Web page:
In the case of western European countries with health systems based on social insurance, these values are tied to national culture and grounded in the historically generated principles of collective responsibility and social solidarity. 

As the literature on cultural anthropology suggests, if new institutions were to be introduced, the strength of this national culture and its associated social values is such that ‘the persistent influence of a majority value system patiently smoothes the new institutions until their structure and functioning is again adapted to the societal norms’ (Hofstede 1980: 26). 

In short, the historical experience of SHI systems supports the thesis that it is the national culture and its associated social values that are broadly stable, and that the stability of particular SHI institutions is a consequence of that social continuity, rather than an independent event (Saltman and Bergman 2004 forthcoming). 

From this cultural anthropological perspective, it is unsurprising that SHI institutions are perceived inside SHI countries as being as much sociological as economic in character (e.g. as a ‘way of life’). 

Much like the broader configuration of social security arrangements within which SHI systems sit, SHI reflects core values that are ‘socially embedded’ in the very heart of how these societies understand themselves (Granovetter 1985; Saltman 1997).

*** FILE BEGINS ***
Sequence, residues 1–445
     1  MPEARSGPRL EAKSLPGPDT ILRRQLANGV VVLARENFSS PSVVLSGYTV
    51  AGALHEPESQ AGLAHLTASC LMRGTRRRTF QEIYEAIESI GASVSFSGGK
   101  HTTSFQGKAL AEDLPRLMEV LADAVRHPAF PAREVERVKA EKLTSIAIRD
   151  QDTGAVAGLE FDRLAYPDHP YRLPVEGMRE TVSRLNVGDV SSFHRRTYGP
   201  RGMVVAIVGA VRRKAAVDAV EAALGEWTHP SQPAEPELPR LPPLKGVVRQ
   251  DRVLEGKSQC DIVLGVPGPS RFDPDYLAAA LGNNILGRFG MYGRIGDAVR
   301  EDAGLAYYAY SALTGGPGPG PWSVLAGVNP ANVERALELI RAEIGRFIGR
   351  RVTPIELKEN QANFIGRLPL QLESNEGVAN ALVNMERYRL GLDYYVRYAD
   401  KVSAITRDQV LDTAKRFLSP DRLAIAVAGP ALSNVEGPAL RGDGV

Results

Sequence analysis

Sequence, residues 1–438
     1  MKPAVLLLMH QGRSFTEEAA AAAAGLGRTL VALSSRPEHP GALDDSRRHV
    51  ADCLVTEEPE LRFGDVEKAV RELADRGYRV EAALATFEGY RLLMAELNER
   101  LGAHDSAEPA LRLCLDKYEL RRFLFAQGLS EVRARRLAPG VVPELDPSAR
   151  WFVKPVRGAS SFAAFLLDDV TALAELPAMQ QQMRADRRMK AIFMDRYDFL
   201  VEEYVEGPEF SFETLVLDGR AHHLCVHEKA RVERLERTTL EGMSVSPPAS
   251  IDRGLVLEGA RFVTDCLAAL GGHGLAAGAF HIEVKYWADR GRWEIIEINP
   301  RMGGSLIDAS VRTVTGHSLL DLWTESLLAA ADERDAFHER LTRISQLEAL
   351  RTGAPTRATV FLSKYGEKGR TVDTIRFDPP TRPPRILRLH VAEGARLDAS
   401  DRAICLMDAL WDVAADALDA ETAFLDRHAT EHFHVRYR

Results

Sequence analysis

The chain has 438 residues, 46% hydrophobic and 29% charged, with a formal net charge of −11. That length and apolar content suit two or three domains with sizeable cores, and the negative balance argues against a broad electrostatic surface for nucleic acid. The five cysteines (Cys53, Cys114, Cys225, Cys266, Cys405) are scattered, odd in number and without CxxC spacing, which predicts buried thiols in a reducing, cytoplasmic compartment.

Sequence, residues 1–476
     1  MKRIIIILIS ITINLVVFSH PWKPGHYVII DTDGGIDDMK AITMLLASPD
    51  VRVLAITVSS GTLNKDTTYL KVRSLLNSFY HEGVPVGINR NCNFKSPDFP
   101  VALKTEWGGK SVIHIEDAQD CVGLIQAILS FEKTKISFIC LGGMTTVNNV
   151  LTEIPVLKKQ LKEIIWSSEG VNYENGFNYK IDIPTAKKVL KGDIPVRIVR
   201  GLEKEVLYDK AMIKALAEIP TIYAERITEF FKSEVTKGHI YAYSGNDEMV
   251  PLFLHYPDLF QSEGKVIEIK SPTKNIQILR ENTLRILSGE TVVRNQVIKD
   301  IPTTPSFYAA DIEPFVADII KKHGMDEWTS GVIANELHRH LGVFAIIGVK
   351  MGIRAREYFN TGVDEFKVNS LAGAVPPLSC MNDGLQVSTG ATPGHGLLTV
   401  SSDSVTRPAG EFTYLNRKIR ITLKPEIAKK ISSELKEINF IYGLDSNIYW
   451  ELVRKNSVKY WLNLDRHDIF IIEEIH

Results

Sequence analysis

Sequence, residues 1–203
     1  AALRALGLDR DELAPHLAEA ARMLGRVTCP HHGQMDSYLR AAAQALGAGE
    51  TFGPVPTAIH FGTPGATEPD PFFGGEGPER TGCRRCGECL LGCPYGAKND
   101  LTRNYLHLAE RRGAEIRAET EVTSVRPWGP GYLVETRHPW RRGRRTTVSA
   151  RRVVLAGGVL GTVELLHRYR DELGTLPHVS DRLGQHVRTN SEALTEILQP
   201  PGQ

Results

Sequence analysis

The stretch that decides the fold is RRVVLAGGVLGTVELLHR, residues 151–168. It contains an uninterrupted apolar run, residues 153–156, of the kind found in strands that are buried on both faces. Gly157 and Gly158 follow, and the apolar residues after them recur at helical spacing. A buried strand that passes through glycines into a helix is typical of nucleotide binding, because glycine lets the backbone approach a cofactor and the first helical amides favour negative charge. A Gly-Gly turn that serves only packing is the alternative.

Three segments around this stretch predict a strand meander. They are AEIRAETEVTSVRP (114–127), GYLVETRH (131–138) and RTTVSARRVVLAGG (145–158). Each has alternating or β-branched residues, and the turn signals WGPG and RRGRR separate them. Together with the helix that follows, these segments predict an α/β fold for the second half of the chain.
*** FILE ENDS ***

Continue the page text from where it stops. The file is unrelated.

This organic view of SHI is an important part of the explanation for why policy-making in SHI systems appears to be cautious and incremental, why institutions – once established – are rarely uprooted, and, consequently, why the overall pattern in SHI systems continues to be one of stability and resilience.

A structural description

When one moves from this inside view to a more detached, outsider’s perspective, SHI systems can be described in more structural terms. This structural understanding incorporates seven core components that exist across all eight studied countries, and that can be considered to comprise the organizational kernel of an SHI system.